Type 2 diabetes can develop at any age but often develops well into adulthood. Type 2 diabetes accounts for 90 to 95 percent of diabetics. In Type 2 diabetes, the body doesn’t make enough insulin. This is called insulin resistance. As Type 2 diabetes gets worse, the pancreas will make less and less insulin, requiring treatment, according to the Centers for Disease Control.

Diabetes’ impact on community immense

The Redepennings said the walk has been fun and empowering. It was Lindsey’s endocrinologist who encouraged the family to attend it the first time.

“It’s a nice way to feel supported and not alone,” Tracy Redepenning said. “It amazes you to see the number of people diabetes affects. There’s a real sense of community.”

As each year passed, their involvement has increased. This year Lindsey was selected to be the ambassador for the Juvenile Diabetes Research Foundation One Walk for a World Without Type 1 Diabetes.

Her team has grown, too. Lindsey’s Lucky Stars now includes family, friends, classmates of Lindsey and Sydney as well as colleagues of Tracy Redepenning, who works at Meadowvale.

The family’s approach has shifted to what can they do to help keep the research going and be there for other people. They treat the walk as a celebration of successes, just like they do Lindsey’s birthday
(Sept. 26, 2003) and the date of Lindsey’s diagnosis (Nov. 3, 2008).

This year, they set a goal to raise $10,000 and raised more than $12,000.

Sydney got things rolling by going to her schoolmates to raise money one small donation at a time. She ultimately collected $705.

Students and staff at the elementary school honored their fellow classmate for her selection as the ambassador for the Juvenile Diabetes Research Foundation annual walk. They raised more than $2,000 for JDRF.

Students celebrated their success with a “sports day,” spraying teachers with plastic aerosol string, duct-taping teacher Michlynn Boelter to the wall and coloring Principal Karen Maschler’s hair blue. Students were able to learn about diabetes and support their four fellow classmates with Type 1 diabetes.

Lindsey gave a speech to the Meadowvale student body, which was the first time she had gone into great detail with her peers about the disease. She and the three other students at Meadowvale with diabetes were recognized.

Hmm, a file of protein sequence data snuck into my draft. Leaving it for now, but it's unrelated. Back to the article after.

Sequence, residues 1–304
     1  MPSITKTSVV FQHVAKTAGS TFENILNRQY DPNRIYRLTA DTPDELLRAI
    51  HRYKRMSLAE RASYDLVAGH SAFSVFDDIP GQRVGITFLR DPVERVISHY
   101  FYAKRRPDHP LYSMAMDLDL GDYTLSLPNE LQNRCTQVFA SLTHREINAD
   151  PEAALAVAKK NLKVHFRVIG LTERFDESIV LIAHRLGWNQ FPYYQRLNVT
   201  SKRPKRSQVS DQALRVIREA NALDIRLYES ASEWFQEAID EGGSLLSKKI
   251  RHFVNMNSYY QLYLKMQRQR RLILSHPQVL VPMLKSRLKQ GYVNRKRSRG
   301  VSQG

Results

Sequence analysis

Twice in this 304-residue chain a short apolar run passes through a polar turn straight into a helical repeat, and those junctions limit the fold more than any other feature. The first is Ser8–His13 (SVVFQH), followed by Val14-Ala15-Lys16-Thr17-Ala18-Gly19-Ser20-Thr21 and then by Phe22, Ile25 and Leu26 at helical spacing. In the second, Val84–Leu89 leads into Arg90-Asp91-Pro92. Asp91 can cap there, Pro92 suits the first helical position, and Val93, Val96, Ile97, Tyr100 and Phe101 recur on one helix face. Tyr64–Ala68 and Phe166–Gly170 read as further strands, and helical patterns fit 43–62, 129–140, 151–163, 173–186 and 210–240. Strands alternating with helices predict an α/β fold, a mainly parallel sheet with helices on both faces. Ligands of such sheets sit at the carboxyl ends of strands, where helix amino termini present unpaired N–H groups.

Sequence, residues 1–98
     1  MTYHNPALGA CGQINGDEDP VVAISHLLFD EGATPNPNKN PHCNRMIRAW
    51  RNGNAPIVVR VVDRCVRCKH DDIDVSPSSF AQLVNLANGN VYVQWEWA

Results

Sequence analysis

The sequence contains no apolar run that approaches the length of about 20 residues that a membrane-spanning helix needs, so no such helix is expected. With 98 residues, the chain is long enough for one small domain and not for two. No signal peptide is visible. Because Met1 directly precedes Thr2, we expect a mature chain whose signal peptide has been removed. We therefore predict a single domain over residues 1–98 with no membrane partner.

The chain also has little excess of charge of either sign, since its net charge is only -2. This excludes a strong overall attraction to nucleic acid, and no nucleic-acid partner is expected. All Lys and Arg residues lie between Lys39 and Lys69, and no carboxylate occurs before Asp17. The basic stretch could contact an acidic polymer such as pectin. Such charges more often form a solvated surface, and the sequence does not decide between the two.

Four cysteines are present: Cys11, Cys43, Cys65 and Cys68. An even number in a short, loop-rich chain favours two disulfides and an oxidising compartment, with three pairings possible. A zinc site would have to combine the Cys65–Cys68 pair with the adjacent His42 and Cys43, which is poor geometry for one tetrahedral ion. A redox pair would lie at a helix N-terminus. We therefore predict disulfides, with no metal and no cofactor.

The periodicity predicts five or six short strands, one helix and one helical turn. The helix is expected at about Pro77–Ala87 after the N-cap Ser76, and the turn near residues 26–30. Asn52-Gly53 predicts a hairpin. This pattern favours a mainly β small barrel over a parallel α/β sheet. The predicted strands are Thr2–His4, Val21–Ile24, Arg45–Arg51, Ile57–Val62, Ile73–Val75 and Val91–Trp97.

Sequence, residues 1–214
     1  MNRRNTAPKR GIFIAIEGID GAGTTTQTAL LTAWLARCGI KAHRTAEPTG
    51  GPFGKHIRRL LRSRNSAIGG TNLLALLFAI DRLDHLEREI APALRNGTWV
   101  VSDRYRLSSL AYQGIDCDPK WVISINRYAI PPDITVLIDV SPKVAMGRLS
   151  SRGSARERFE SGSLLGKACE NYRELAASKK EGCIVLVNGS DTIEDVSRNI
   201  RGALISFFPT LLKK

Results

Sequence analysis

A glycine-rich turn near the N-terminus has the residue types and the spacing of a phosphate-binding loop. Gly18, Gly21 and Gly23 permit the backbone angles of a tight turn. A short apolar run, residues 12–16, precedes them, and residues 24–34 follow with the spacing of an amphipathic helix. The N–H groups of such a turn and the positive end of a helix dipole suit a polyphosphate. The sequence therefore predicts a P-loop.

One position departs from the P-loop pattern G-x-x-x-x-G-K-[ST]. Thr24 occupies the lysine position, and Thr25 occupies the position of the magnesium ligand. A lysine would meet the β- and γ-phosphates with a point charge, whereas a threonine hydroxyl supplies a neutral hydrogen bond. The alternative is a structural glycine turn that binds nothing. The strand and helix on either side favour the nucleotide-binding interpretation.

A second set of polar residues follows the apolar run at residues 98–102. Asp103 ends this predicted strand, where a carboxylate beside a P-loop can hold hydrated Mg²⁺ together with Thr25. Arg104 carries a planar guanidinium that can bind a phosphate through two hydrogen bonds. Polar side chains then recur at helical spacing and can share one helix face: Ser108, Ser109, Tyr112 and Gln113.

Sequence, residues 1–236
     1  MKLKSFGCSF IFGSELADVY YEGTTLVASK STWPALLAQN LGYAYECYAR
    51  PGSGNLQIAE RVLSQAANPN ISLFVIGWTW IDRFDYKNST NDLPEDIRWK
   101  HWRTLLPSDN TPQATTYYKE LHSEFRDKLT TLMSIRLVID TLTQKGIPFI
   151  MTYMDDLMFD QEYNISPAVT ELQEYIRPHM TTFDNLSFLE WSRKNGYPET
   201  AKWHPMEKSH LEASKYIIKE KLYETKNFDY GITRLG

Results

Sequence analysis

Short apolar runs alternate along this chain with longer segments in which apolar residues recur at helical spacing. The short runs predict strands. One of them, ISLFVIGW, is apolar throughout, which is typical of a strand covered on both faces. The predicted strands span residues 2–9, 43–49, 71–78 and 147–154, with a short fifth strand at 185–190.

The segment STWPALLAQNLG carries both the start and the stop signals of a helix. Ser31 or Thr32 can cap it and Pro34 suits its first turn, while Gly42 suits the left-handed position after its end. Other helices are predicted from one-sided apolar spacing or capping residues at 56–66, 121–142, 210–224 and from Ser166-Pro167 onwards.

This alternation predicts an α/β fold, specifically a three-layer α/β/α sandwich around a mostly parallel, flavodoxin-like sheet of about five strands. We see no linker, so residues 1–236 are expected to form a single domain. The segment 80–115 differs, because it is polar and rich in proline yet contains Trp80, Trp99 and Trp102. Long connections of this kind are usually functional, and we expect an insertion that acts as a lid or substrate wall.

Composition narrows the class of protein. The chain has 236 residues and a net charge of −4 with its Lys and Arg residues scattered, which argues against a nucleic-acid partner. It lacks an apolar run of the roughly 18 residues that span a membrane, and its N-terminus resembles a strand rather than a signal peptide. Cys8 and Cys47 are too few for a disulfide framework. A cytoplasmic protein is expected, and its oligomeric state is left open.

“It means a lot to have that much support,” Lindsey said of the recognition. She found that talking about the daily demands was as meaningful as the money that was raised.

]]>
http://erstarnews.com/2015/03/31/mainstreams-walk-a-mile-in-her-shoes/feed/ 0
Gymnastics: Kaylee Jondahl, former Elk, is national floor ex champ with UW-Stout http://erstarnews.com/2015/03/30/gymnastics-kaylee-jondahl-former-elk-is-national-floor-ex-champ-with-uw-stout/ http://erstarnews.com/2015/03/30/gymnastics-kaylee-jondahl-former-elk-is-national-floor-ex-champ-with-uw-stout/#comments Tue, 31 Mar 2015 02:49:45 +0000 http://erstarnews.com/?p=787668 Kaylee Jondahl strikes a pose during floor exercise at the National Collegiate Gymnastics Association meet, on the way to first place. (Wisconsin-Stout photo)

Kaylee Jondahl strikes a pose during floor exercise at the National Collegiate Gymnastics Association meet, on the way to first place. (Wisconsin-Stout photo)

 

by Bruce Strand, Sports editor

Kaylee Jondahl, known for her powerful tumbling and vaulting while starring in gymnastics at Elk River, has captured a national  championship as a college gymnast.

“Everything clicked for me Saturday,” said Jondahl, a Wisconsin-Stout sophomore, about her gold-medal performance on floor exercise at the National Collegiate Gymnastics Association meet Saturday in LaCrosse, WI. “I was just doing my thing, having fun, not over thinking, and it went really well.”

Jondahl, who bounced back from a shaky performance on floor in team competition on Friday, was strong in vault both days, tying for third Saturday to add a bronze medal to her gold.

Kaylee Jondahl

Kaylee Jondahl

“Floor has always been my favorite and I’m just so excited to win it at nationals,” said Jondahl, contacted Monday by the Star News.

Jondahl scored 9.800 as she flawlessly executed the soaring routine she’s done for two years, including a front handspring, front one-and-a-half twist, back layout, and step-out on the first pass; a switch-side, wolf full-twist leap series; and a sky-high, double back flip on the second pass.